DS: Your character also has a different storyline from the characters played by Joseph Gordon-Levitt and Bruce Willis because it’s a very maternal storyline that’s going on. Was that also a draw or a bit more of a challenge with this kind of a film?
EB: Well, there was definitely less gadgetry in my storyline. (laughs) Yeah, I think I could see that the second act where the character comes in – or even in the third act, really – as being this emotional grounding for the movie, and that’s what Rian wanted. He and I talked in that meeting about how he drew a lot of inspiration from the movie Witness, which is one of my favourite films. I think when you see Looper and you see us out in the fields and in this remote area, it does sort of remind you of that movie, and the tension and longing that’s echoed in our movie when Joe’s character goes to stay with them.
As for the maternal side, I think I’ve always wanted to play that in a film. I don’t think I ever really had the chance to explore that side of a mother/child relationship. It’s so complex and loaded that I was really excited to work with that little boy, Pierce (Gagon). I’ve worked with kids before, and I remember Sunshine Cleaning to be a great experience with that, but Pierce was so young. He was 5 when we worked together, and we read a few different kids for it. I flew to New Orleans early to read with some of the boys, but this little dude just walks in and it’s like the air just shifted in the room. It was really extraordinary, and you needed that kind of presence for this part. He needed to be a little bit spooky and a little intense, and I will say this about him in relation to the other kids. Pierce understood the character. He didn’t just know the lines. He knew that he was playing a part. I have to credit his mother with a lot of how he was so prepared for it. He was pretty extraordinary, so a lot of it was just basically keeping up with him, to be honest. Then it was all about trying to persuade him to stick around for your close-up. (laughs) He was just done after his and I had to be, like, “Look, dude, I sat around for yours and now you have to sit around for mine.” And he was just sitting there, like, (makes puppy dog-like sad face and uses child’s voice) “But I’ve done my part.” That was the time when the actual kid came out.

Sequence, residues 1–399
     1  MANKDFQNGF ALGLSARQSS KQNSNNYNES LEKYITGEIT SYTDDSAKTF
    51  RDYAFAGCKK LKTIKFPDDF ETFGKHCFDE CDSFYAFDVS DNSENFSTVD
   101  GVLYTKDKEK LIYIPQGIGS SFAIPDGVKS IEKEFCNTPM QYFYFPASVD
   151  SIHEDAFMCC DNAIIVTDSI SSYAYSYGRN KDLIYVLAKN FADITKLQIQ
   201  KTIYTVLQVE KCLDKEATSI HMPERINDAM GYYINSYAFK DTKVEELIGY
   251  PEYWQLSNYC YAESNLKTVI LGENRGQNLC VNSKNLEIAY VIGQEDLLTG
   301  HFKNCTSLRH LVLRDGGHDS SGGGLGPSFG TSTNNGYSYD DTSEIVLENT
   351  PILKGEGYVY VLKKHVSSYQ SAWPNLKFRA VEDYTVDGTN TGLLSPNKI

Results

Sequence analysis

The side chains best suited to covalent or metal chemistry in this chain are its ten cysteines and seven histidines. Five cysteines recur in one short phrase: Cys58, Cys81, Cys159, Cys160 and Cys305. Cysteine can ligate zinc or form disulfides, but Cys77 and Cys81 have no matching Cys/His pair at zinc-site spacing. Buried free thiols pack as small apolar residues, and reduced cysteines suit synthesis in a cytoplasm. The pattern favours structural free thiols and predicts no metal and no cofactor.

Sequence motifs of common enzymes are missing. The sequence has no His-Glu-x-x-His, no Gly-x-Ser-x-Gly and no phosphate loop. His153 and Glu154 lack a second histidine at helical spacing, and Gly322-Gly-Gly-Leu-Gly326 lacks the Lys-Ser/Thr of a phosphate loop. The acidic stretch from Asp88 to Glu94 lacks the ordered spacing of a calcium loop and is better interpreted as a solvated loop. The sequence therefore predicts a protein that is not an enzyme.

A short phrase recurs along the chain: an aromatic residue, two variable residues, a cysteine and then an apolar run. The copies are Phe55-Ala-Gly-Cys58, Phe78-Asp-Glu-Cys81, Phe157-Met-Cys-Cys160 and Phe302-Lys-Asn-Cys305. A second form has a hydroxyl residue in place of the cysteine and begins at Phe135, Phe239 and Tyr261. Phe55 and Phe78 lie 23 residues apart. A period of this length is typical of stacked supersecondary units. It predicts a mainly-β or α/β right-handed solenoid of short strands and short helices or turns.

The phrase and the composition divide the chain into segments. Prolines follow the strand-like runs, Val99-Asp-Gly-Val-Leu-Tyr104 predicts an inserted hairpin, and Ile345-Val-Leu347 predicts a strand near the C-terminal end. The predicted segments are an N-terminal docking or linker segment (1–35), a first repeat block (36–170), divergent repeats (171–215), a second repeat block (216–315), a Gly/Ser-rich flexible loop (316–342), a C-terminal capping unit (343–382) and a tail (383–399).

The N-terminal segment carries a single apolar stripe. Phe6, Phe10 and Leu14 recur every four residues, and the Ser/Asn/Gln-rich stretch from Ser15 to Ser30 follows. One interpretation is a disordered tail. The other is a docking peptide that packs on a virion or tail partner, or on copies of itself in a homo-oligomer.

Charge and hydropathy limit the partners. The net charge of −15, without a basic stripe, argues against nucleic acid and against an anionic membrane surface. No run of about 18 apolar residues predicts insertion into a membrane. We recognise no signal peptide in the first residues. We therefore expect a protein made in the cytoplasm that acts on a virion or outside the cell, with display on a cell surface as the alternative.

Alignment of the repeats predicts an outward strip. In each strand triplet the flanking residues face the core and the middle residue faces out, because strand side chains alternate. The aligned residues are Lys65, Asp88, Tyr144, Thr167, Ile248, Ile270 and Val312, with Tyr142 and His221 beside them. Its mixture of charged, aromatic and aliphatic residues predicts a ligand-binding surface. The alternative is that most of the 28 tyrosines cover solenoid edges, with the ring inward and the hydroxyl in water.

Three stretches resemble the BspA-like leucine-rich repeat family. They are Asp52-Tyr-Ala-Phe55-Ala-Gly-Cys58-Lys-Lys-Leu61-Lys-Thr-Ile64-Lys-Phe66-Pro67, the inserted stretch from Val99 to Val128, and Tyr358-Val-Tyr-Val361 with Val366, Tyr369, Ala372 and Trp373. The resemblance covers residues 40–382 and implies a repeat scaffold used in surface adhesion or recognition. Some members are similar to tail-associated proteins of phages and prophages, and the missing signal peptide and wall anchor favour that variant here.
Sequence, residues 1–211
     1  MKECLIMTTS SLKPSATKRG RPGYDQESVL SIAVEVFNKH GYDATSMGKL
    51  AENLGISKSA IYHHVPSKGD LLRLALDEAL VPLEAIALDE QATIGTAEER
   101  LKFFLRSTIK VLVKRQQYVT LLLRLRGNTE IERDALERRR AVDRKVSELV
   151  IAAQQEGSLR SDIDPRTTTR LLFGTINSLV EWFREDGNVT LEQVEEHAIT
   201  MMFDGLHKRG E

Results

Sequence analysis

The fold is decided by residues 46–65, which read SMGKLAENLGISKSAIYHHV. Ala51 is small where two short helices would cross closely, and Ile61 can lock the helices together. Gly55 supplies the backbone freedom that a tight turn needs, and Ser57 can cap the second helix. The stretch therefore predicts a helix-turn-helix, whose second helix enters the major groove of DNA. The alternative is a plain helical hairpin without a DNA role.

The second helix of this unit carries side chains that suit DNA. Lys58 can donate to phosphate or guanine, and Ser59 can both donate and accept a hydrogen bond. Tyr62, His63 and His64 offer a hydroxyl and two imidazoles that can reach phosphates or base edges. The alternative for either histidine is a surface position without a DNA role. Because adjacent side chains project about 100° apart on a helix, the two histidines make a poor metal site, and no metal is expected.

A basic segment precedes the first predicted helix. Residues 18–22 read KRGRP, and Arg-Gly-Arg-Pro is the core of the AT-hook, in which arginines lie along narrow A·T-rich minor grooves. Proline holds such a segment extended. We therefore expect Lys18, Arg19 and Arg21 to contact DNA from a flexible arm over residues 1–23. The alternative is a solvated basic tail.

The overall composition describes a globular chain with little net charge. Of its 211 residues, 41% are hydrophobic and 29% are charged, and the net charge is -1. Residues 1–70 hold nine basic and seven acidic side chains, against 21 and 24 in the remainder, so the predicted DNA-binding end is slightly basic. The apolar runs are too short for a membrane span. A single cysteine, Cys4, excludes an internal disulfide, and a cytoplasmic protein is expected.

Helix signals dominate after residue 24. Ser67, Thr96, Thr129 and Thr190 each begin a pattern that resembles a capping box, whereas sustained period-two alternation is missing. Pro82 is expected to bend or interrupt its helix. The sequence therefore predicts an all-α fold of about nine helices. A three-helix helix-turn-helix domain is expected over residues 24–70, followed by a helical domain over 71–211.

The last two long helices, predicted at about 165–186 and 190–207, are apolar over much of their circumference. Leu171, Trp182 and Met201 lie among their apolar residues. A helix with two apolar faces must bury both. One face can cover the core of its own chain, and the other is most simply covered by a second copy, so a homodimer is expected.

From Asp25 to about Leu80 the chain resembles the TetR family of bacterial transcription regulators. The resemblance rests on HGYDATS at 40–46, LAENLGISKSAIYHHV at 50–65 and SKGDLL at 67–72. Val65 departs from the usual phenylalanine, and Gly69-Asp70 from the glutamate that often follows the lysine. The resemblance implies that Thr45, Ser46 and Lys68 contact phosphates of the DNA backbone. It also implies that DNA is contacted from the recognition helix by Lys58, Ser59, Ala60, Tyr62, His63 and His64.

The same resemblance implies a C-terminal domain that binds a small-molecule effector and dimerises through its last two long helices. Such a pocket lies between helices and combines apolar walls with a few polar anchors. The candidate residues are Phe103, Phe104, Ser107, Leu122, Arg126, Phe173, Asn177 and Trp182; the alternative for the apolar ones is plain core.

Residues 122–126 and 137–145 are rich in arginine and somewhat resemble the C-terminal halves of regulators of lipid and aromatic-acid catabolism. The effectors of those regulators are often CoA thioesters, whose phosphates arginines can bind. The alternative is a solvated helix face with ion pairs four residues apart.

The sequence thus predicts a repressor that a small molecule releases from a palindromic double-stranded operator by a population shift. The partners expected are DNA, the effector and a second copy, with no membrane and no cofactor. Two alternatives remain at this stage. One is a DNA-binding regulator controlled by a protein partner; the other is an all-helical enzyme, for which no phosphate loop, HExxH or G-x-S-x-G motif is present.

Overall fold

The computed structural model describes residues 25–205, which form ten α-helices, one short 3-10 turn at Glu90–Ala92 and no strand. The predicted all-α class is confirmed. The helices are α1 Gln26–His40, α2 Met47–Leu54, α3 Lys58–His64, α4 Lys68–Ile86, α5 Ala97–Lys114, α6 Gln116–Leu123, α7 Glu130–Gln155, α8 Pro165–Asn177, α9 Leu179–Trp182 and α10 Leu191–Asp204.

DS: Your character, without spoiling anything, turns out to be pretty complex. What was it like trying to prepare to play a character where the audience keeps finding out new information about them over time?